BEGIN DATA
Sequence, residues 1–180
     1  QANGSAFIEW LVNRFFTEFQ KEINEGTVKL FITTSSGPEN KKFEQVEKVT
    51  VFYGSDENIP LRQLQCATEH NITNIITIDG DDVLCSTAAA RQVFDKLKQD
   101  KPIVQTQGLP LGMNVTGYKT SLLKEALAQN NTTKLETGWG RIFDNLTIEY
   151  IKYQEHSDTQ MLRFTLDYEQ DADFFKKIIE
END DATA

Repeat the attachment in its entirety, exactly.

Sequence, residues 1–180
     1  QANGSAFIEW LVNRFFTEFQ KEINEGTVKL FITTSSGPEN KKFEQVEKVT
    51  VFYGSDENIP LRQLQCATEH NITNIITIDG DDVLCSTAAA RQVFDKLKQD
   101  KPIVQTQGLP LGMNVTGYKT SLLKEALAQN NTTKLETGWG RIFDNLTIEY
   151  IKYQEHSDTQ MLRFTLDYEQ DADFFKKIIE